Long before JK Rowling was scribbling the words that would become the juggernaut that is Harry Potter (or maybe while she was scribbling), and Severus Snape was immortalized on film by the pitch perfect Alan Rickman, I had fallen in love with him (and that great – yet underrated – British actress Juliet Stevenson) in Anthony Minghella’s stunning 1990 film, “Truly, Madly, Deeply.”
If you haven’t seen it, go find it and watch it. NOW. I’ll wait.
Okay. Have you seen it now?
And now tell me how it was impossible to not fall in love with Jamie – Alan Rickman’s character. Jamie. Who died. Jamie. Who played the cello, so hauntingly, so beautifully, and who spoke in that wonderful, mellifluous tone that is – now was – Rickman’s trademark voice? How could you not weep, openly, as Juliet Stevenson, a woman shattered by grief, wished so hard for her lover (Rickman) to return – that he did. In ghost form. And turned up the heat (because apparently it’s bloody freezing in the afterlife or wherever Alan Rickman-cello playing ghosts go) and played the cello, and sneezed a lot and brought his ghost friends round and stayed up ALL NIGHT watching movies. And sang “Sun ain’t gonna shine anymore,” with Stevenson.
This movie. This is where I fell in love with Rickman. Such beauty, such power, such love, such a voice! Such emotional depth. Such physical expression. There is nothing – by Hollywood standards – about Rickman’s features that made him sexy. But he was. With that voice and that emotional depth and talent by the bucketload. He was a great stage actor long before Hollywood discovered him. But “Truly Madly Deeply” is and was to this day both one of my favourite films of all time and Rickman remained one of my favourite actors. Pre-Harry Potter. Even Pre-Sense and Sensibility with Emma Thompson and Kate Winslet.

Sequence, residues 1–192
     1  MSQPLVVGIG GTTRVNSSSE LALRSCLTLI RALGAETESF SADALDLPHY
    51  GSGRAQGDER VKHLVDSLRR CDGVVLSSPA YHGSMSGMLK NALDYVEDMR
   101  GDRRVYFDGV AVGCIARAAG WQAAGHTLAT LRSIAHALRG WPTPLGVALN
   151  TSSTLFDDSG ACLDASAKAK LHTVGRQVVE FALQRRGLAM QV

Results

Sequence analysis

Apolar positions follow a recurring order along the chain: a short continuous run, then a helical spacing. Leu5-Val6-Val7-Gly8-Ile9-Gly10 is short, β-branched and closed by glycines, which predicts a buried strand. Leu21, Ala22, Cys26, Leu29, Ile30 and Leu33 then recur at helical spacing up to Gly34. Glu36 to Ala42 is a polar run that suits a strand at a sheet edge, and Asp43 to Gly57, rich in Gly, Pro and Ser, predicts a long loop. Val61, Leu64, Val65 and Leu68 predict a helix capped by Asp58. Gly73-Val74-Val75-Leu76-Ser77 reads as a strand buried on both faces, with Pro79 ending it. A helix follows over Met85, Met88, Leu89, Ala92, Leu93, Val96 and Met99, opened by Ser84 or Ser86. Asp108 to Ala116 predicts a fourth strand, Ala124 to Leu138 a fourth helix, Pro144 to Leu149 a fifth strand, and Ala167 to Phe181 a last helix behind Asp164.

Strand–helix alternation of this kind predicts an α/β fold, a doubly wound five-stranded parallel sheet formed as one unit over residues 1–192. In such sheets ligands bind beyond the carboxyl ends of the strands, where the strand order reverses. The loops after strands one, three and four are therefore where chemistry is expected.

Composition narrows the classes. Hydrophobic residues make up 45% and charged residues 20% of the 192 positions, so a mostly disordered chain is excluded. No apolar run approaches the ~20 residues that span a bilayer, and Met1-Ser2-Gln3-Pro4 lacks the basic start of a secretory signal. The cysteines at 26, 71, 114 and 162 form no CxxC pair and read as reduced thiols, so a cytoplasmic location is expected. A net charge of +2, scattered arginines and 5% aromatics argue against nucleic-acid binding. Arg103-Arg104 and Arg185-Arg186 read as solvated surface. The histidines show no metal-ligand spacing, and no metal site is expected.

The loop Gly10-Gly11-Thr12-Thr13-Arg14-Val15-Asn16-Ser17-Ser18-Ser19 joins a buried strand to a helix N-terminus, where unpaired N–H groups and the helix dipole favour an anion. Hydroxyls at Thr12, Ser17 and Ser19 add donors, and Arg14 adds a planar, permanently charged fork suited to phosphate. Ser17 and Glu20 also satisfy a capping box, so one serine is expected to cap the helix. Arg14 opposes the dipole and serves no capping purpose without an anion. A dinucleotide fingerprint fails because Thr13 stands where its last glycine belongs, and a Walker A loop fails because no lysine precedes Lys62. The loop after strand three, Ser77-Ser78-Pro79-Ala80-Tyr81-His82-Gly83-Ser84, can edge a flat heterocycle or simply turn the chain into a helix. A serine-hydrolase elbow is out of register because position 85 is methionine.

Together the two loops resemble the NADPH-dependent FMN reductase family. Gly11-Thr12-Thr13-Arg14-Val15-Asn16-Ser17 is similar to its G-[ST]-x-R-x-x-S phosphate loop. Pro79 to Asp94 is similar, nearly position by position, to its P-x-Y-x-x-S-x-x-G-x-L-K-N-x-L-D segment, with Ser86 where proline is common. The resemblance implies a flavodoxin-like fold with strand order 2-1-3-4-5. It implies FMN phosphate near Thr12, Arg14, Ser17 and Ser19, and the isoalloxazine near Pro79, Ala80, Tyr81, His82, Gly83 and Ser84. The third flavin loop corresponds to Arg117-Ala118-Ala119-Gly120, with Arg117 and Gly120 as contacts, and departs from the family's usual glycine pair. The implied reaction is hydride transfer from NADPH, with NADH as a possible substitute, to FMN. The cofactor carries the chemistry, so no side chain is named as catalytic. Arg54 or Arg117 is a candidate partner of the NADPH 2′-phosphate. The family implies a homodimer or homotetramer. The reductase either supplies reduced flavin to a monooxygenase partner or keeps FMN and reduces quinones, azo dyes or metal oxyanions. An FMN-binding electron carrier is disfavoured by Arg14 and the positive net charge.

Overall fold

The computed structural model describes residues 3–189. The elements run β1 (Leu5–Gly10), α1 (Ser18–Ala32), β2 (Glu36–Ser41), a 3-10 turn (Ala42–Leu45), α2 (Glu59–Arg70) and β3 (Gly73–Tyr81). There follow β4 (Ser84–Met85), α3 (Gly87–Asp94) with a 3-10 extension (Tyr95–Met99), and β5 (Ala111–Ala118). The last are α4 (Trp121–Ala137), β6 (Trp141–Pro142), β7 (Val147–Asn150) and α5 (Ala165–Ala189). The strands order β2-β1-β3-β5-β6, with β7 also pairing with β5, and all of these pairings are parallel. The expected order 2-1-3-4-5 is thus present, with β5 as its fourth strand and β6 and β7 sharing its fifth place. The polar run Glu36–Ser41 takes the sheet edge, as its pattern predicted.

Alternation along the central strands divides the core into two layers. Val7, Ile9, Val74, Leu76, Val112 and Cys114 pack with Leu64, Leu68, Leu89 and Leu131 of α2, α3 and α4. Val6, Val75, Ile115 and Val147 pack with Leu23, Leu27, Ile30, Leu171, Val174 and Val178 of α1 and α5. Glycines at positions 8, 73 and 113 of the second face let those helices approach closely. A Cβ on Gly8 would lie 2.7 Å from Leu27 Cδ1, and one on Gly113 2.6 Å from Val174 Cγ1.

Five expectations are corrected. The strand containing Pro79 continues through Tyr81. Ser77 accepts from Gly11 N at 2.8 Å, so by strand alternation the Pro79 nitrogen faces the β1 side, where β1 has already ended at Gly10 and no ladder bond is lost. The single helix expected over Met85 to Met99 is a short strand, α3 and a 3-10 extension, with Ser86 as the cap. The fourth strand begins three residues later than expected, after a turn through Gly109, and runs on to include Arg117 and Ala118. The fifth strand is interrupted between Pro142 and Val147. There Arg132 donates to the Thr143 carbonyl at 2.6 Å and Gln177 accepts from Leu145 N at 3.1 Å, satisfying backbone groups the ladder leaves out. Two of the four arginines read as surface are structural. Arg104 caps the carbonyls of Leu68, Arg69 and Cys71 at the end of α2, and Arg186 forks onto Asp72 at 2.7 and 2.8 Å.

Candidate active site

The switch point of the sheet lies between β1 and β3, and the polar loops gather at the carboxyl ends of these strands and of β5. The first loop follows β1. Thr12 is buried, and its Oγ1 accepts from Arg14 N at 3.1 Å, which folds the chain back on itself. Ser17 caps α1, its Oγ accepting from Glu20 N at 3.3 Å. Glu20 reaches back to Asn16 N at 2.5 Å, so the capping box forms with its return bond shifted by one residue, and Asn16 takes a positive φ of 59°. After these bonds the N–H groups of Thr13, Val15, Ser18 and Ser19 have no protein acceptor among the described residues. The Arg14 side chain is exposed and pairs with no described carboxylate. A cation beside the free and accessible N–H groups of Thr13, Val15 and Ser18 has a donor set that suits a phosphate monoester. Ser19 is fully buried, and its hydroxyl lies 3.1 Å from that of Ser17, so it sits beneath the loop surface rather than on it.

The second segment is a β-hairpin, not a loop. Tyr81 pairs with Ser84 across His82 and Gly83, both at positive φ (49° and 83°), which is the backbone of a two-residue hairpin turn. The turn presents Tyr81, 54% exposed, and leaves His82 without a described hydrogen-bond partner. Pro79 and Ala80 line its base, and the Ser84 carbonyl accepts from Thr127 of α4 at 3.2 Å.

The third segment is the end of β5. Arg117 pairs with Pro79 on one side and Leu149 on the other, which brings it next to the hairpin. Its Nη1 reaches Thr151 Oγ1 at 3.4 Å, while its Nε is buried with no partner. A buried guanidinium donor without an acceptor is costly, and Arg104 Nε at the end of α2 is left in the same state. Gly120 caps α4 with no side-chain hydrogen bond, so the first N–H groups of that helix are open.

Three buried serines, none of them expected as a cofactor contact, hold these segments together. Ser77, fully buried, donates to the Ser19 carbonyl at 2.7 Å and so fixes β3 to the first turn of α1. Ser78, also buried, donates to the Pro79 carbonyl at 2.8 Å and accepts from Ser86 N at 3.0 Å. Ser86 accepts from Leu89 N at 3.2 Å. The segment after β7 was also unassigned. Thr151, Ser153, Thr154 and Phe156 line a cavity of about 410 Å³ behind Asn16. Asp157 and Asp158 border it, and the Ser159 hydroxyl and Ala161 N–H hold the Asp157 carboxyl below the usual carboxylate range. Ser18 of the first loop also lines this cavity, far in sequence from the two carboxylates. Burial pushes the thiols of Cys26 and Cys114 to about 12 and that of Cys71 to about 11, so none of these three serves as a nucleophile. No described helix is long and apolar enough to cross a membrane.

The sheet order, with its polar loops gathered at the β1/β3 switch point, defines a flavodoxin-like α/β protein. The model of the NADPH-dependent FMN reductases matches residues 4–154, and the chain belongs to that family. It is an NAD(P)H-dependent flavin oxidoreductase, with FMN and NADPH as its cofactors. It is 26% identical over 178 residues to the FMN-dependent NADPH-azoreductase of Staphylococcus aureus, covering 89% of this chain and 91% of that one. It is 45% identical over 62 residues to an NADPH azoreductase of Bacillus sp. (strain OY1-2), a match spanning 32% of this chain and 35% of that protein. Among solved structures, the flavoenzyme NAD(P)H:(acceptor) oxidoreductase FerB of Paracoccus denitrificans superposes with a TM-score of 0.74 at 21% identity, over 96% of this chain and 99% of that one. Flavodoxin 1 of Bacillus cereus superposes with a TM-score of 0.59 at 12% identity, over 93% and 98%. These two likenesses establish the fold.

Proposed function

Rickman was one of those guys that you’d pay to read the bloody phone book. That I would have paid good money to see on stage, but never got the chance. So, in case it’s not clear, Rickman was one of my favourite actors of all time and it’s heartbreaking to hear that that talent has been snuffed out. That he’s gone. That we’ll never hear that voice – at least live – again. Not unless he does a “Jamie” and shows up to haunt various people.
However, I’m not just sad that his talents are gone. I’msad that he left this Earth without ever giving up on his anti-Israel stance. When I heard that he had co-written and produced the play “My Name is Rachel Corrie,” in 2005 about American student protesting the demolition of a Palestinian home, who was killed by an Israeli bulldozer while acting as a human shield, I could no longer respect the man.
I wish Rickman – who died today – January 14 at the age of 69 from cancer – had lived long enough to open his eyes to what is really going on in Israel. I wish he’d lived long enough to use his intelligence and compassion and take a long, hard look at the fact that there are two sides to a conflict; that he’d come to know and love Israel. Heck, I wish he’d taken the time to visit Israel!
Either way, the world has lost a great talent. And I will continue to remain truly, madly, deeply in love with Jamie and his cello. Even if I can’t remain in love with the man who played him.